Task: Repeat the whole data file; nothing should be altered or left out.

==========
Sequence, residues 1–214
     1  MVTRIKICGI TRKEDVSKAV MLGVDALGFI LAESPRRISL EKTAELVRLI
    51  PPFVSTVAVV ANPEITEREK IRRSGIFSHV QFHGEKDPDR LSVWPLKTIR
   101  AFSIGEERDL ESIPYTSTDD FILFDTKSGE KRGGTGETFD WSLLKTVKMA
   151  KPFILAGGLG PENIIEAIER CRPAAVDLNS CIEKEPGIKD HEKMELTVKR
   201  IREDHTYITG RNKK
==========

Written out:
Sequence, residues 1–214
     1  MVTRIKICGI TRKEDVSKAV MLGVDALGFI LAESPRRISL EKTAELVRLI
    51  PPFVSTVAVV ANPEITEREK IRRSGIFSHV QFHGEKDPDR LSVWPLKTIR
   101  AFSIGEERDL ESIPYTSTDD FILFDTKSGE KRGGTGETFD WSLLKTVKMA
   151  KPFILAGGLG PENIIEAIER CRPAAVDLNS CIEKEPGIKD HEKMELTVKR
   201  IREDHTYITG RNKK